Lifeforms Design by Lee Pollock is an award-winning design practice for restaurants and bars. Celebrating its twentieth year in business, Lee provides a full range of interiors and architectural design services across hospitality, leisure, retail, and commercial industries. Colour, form and texture are a signature design trait, combining luxe and industrial. Lifeforms has delivered the full design package from concept to completion of Reign, a new bar and lounge launching in Broadstairs this May, and only a short walk away from the iconic Viking bay. Inspired by the building’s Art Deco architecture and the Victorian seaside charm and heritage of Broadstairs, Reign has a bold colour palette of deep rich blues offset with brass fabrication and warm rust hues, with statement design elements throughout. The bespoke furniture, including banquette bar seating has been designed by Lee and fabricated by N&J Upholstery. Lifeforms is now established as a leading design practice in the UK, with a reputation for creating distinctive and imaginative solutions. With a love of clean lines, in particular the ambition of modernist brutalist architecture and colour, Lee draws inspiration from all aspects of living, from classic cars to the shingle on the beach of his hometown of Whitstable, on the south east coast of England. Winner at the Restaurant & Bar Design Awards, Lifeforms is based in Margate with projects all over the country from London to Leeds. “My goal for each project is to provide a space that stimulates, invigorates and engages users. Colour and texture are vital, the shingle on the beach, an architectural detail, landscapes. Anything can be an inspiration.” - Lee Pollock, Lifeforms Design @lifeforms_design


As Businesses Prepare For a Return to Work - This Is What a Covid-19 Protected Office Can Look Like As government restrictions lift, a businessman who has developed the first Covid-Safe office space in Glasgow is now advising pubs, hotels and restaurants on how to safely reopen. areas. He has also installed the latest reception software that logs visitors and staff in and out and which is set up to take vaccine passports if they appear. All meeting areas, video conferencing and social areas have no-touch sanitisers while staff will be offered unique self-sterilising antimicrobial face masks designed to be worn comfortably for long periods along with rapid testing. In addition to this, a one-way system and doors that don’t hang opposite each other, make it easy for staff to stay safe. Stephen McCallion, CEO of ZLX, leaders in government backed research and development tax claims, who specialise in helping the pub and restaurant sector reclaim large sums of money for investing in innovation, is now an expert in Covid-safe public spaces having teamed up with technology experts and scientists to create an office fit for the post-pandemic world. Following a full risk assessment of his space and the way people interact, McCallion’s 5,600 sq.ft of new office space has been installed with best-in-class technology to eliminate viral pathogens and reduce the threat of contact transmission of the coronavirus. McCallion has put numerous innovative protections in place which he and his team are now offering to the hospitality sector to facilitate the reopening of their indoor spaces. These include an air handling system that involves changing the air constantly using fresh outside air filtered with UV light which is fed evenly throughout the offices as well as infra-red heating which works like the sun and only heats people and not air unlike traditional radiators which cause air to rise and fall.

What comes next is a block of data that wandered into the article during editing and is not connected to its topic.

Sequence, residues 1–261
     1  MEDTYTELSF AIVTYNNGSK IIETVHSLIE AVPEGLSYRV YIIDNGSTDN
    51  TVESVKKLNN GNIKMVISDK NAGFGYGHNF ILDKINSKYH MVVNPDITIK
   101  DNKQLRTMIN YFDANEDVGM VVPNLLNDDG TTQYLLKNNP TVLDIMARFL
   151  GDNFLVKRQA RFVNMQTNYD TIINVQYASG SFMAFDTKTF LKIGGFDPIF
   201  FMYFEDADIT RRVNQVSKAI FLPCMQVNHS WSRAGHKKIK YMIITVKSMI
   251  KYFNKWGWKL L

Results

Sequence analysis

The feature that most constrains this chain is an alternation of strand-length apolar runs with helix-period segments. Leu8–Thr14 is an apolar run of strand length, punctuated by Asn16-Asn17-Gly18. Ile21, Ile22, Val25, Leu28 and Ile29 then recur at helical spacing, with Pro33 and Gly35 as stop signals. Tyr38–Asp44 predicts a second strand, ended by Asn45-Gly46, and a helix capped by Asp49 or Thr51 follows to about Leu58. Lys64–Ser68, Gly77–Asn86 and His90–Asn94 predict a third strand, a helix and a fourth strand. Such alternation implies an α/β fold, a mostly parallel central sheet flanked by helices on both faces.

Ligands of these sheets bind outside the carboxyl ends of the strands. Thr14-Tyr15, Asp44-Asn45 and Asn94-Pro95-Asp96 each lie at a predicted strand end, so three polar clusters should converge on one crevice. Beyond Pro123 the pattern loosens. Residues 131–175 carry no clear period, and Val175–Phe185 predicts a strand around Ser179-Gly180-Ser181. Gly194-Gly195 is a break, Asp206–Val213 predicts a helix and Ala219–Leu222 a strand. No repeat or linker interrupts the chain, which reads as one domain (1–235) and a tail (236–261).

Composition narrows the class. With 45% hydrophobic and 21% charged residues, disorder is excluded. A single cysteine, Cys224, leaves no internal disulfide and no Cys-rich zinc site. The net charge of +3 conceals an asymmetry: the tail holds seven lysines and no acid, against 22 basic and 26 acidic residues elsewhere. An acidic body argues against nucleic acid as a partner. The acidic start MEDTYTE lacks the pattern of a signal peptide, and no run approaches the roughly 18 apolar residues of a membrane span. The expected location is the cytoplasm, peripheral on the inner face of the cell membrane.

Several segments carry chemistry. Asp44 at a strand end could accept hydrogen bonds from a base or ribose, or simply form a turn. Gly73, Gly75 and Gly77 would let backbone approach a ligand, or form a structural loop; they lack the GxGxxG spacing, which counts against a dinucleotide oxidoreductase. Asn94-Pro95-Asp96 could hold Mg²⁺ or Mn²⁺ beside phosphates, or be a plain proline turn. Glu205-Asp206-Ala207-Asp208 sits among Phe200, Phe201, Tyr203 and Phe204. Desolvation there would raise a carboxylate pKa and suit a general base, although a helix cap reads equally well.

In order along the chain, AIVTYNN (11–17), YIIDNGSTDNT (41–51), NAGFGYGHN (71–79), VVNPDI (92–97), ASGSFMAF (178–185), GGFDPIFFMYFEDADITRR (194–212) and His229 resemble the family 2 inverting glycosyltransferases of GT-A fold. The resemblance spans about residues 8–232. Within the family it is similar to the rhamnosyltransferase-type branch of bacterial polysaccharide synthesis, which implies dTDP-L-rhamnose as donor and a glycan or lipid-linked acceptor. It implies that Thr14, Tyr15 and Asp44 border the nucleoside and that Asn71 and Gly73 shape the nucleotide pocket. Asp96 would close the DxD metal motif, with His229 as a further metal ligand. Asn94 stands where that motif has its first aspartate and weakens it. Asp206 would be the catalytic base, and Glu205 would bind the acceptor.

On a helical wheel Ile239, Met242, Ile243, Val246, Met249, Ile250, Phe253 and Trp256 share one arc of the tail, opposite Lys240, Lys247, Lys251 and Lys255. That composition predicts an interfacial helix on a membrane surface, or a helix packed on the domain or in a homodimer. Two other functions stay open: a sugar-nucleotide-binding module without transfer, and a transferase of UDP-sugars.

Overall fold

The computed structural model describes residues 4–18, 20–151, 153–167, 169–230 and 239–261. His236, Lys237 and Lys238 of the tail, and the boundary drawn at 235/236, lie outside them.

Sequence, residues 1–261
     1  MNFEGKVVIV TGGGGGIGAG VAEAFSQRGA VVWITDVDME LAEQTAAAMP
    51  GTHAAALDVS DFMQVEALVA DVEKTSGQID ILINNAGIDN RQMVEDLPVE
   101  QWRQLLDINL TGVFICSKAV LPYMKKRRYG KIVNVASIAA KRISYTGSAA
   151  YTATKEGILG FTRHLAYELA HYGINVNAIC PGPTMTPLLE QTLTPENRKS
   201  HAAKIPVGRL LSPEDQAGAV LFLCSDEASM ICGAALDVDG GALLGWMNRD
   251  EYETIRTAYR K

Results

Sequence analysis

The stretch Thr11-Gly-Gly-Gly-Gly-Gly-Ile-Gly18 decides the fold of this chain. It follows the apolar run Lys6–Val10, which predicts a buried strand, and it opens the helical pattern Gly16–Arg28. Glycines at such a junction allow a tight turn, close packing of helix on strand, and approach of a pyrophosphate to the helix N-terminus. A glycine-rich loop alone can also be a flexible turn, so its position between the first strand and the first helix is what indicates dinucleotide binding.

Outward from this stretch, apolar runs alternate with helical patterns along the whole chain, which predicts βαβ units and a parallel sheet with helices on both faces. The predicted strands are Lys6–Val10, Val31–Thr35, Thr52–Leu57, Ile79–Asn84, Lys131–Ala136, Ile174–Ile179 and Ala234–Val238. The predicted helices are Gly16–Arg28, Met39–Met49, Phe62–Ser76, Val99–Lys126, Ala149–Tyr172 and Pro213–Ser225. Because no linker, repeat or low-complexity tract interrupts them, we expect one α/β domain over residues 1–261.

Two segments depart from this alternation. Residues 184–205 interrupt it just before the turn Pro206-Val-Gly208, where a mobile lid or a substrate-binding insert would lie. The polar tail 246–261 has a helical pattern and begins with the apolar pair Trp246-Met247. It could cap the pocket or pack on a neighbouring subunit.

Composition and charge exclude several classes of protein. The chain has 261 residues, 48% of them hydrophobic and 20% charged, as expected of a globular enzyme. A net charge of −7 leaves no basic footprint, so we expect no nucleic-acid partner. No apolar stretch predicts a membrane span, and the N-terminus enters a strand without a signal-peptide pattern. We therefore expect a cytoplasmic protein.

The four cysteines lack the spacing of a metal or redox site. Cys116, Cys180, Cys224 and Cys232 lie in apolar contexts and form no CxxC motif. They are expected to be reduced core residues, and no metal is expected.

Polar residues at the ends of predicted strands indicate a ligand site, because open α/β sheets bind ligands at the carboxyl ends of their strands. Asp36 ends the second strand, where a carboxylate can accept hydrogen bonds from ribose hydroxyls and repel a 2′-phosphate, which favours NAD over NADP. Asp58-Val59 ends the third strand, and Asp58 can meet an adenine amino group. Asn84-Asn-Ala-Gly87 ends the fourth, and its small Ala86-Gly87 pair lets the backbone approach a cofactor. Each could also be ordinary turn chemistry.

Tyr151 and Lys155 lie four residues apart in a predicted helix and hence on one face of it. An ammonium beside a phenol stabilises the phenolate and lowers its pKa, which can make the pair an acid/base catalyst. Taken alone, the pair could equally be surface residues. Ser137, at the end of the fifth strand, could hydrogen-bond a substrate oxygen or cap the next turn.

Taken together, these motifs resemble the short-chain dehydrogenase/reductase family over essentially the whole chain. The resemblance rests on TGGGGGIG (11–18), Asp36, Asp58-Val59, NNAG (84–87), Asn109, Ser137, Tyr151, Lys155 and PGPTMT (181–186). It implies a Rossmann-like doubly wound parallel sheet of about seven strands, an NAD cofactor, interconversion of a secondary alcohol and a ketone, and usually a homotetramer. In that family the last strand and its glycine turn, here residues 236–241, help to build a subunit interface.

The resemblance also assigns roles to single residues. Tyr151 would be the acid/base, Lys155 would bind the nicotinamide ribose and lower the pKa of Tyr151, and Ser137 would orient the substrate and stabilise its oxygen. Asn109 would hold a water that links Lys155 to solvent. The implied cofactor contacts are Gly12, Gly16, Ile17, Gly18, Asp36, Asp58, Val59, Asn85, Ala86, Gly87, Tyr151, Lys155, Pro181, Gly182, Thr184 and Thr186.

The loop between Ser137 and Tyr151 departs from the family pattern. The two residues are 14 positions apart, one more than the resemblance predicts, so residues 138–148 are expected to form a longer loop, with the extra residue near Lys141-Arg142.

McCallion explained: “This has not been a cheap exercise but the peace of mind that everything that can be done has been done, certainly helps when planning for reopening. To reduce lost days and make people feel safe at all times is fundamental to all businesses especially those dealing with the public. This template has proven ideally suited to the hospitality industry. “The pandemic has forced us to innovate to drive solutions to living with Covid 19 and to this end ZLX is delighted to have helped hospitality businesses through these difficult times not only advising them on how to install Covid-safe public spaces and how to reopen but also processing R&D claims for their own pandemic fuelled ideas and developments.”

McCallion has also collaborated with scientists who have developed new nano technologies designed to close the ‘hygiene gap’ by eliminating pathogens which survive on all surfaces such as computer screens, tills and mobile phones to provide long term protection to all touch PAGE




Powerful mobile ordering from Mr Yum and Star

The COVID-19 pandemic has forced many businesses to review not only how they operate, but also how to pivot in such a way that the business can thrive in a challenging and unpredictable environment. With social distancing and venues seeking ways to enhance customer service, a plethora of food and beverage ordering apps have been launched onto the market, resulting in customers having to download an array of apps when visiting different venues. According to Australian company Mr Yum, it has developed the world’s most powerful QR code mobile ordering platform and has recently entered the UK market with its innovative offering for table, delivery and pickup ordering for hospitality and entertainment venues. Mr Yum is a unique and completely web-based solution, which means there is no app for customers to download. The customer simply scans a QR code to view the menu, orders food and beverages and pays via their smartphone. Mr Yum CEO and co-founder Kim Teo says product innovation is at the heart of the company with Mr Yum introducing industry-leading features such as the ability to set up table tabs, and grouped order printing, that set it apart from other providers and help to create a superior dining experience.